Here’s the deal. I have a disk with a 200+GB of DVDs and I want to compress it so that I can squeeze a few more on, (can’t afford an new disk right now) but I want to be able to play the DVDs with out having to extract them first, and preferably, without taking a performance hit.
NTFS compression is pretty useless, and right now I can’t think of anything else. Any one got any ideas?
Oh, BTW, it must be free :-[ ;D
I gave it a couple of minutes; found nothing on freeware sites. Google came up with this one: oberhumer.com: LZO real-time data compression library - don’t know if it’s of any use, and there’s no installer… :-\
What about compressing with DivX or XviD? Too much quality loss?
Ill’search for another solution. But NTFS compression should be the way to go…
You can individually select the directories to compress. This way you can enable compression only when it is worth.
Thanks for that LA
I’d rather keep the original format as most of the DVDs have all the extra goodies
But NTFS compression should be the way to go...
I know gibran, I’ve really tried to like NTFS compression… I just don’t, it’s crude
I guess NTFS compression doesn’t help because the data is already compressed in its native format, so more efficient compression engines wouldn’t be much more of a help?
There are two ways to achieve compression in NT: Installable File Sistem (IFS) and File system drivers (FSD)
There is only an expensive Commercial Solution SolFS
A GPL Extensible Solution named Crossmeta File System Drivers ATM has no compressed file system addon but it would be possible due to the fact that there is GPL code for addons.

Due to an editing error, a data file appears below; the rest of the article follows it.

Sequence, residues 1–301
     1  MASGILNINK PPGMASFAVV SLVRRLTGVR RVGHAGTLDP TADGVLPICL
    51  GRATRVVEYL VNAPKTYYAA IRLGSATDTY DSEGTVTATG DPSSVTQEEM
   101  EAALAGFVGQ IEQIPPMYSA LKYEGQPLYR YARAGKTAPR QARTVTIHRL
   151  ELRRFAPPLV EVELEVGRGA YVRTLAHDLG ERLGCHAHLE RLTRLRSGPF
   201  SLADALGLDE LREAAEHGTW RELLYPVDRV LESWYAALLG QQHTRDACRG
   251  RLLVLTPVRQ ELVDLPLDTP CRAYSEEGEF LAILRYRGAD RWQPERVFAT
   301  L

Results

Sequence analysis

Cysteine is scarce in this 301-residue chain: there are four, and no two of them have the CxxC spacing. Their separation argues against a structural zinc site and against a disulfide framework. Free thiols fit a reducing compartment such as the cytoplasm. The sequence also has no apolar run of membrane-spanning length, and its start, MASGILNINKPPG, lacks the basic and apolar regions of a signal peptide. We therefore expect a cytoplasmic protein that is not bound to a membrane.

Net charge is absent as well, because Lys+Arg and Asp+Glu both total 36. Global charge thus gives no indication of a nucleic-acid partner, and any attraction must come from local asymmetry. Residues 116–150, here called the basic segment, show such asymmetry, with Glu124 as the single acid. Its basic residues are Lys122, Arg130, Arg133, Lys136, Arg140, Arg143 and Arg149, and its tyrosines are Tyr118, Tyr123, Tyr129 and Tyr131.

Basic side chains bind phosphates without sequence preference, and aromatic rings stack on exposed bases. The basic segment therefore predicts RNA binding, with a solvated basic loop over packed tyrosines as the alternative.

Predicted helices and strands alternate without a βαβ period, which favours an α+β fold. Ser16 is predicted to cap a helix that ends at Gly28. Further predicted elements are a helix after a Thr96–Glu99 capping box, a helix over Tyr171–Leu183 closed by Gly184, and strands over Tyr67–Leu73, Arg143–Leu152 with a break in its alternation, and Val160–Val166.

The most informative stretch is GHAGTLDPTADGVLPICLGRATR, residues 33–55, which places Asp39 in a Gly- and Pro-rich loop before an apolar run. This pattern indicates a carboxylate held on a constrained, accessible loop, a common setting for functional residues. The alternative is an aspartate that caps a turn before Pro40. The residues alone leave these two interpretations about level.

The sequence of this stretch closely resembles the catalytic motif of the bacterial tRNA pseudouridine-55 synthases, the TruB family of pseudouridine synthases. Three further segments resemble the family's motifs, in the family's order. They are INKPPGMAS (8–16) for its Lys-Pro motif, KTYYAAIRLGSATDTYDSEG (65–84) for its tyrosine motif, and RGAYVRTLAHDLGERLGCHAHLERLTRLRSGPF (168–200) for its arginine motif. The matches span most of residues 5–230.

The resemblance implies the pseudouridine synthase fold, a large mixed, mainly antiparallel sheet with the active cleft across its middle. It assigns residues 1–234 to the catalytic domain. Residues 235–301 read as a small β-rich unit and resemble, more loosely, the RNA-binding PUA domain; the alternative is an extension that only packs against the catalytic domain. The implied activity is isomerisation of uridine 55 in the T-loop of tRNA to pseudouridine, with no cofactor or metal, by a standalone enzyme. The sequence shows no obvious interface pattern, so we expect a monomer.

Yes Divx,Mpg,Mp3,Jpeg and other formats including dvd vobs are not suited for compression.
Maybe it would be possible to squeeze some MB compressing all those file in a Solid Archive (something like TGZ or Rar subtypes) but it would not be a viable solution for a FS. I assume that Compressed FS work on a per file basis.
NTFS offers file based compression but the compression rate isn't displayed anywhere. For any folder on an NTFS volume, NTFSRatio shows the size and the compression rate of this folder and also of its subfolders. Compression and decompression can be done inside NTFSRatio with immediate review of the result. Results can be printed or exported. NTFSRatio can be called from the Explorer context menu of any folder.
So the best way to gain some space is to compress all zippable data using NTFS compression.
You can compress file by extension using the compact commandline tool
compact /c /s *.txt
the data is already compressed in its native format
Good point, I’d forgotten about that. Looks like I’ll have to stump up for a bigger disk…
Thanks for the replies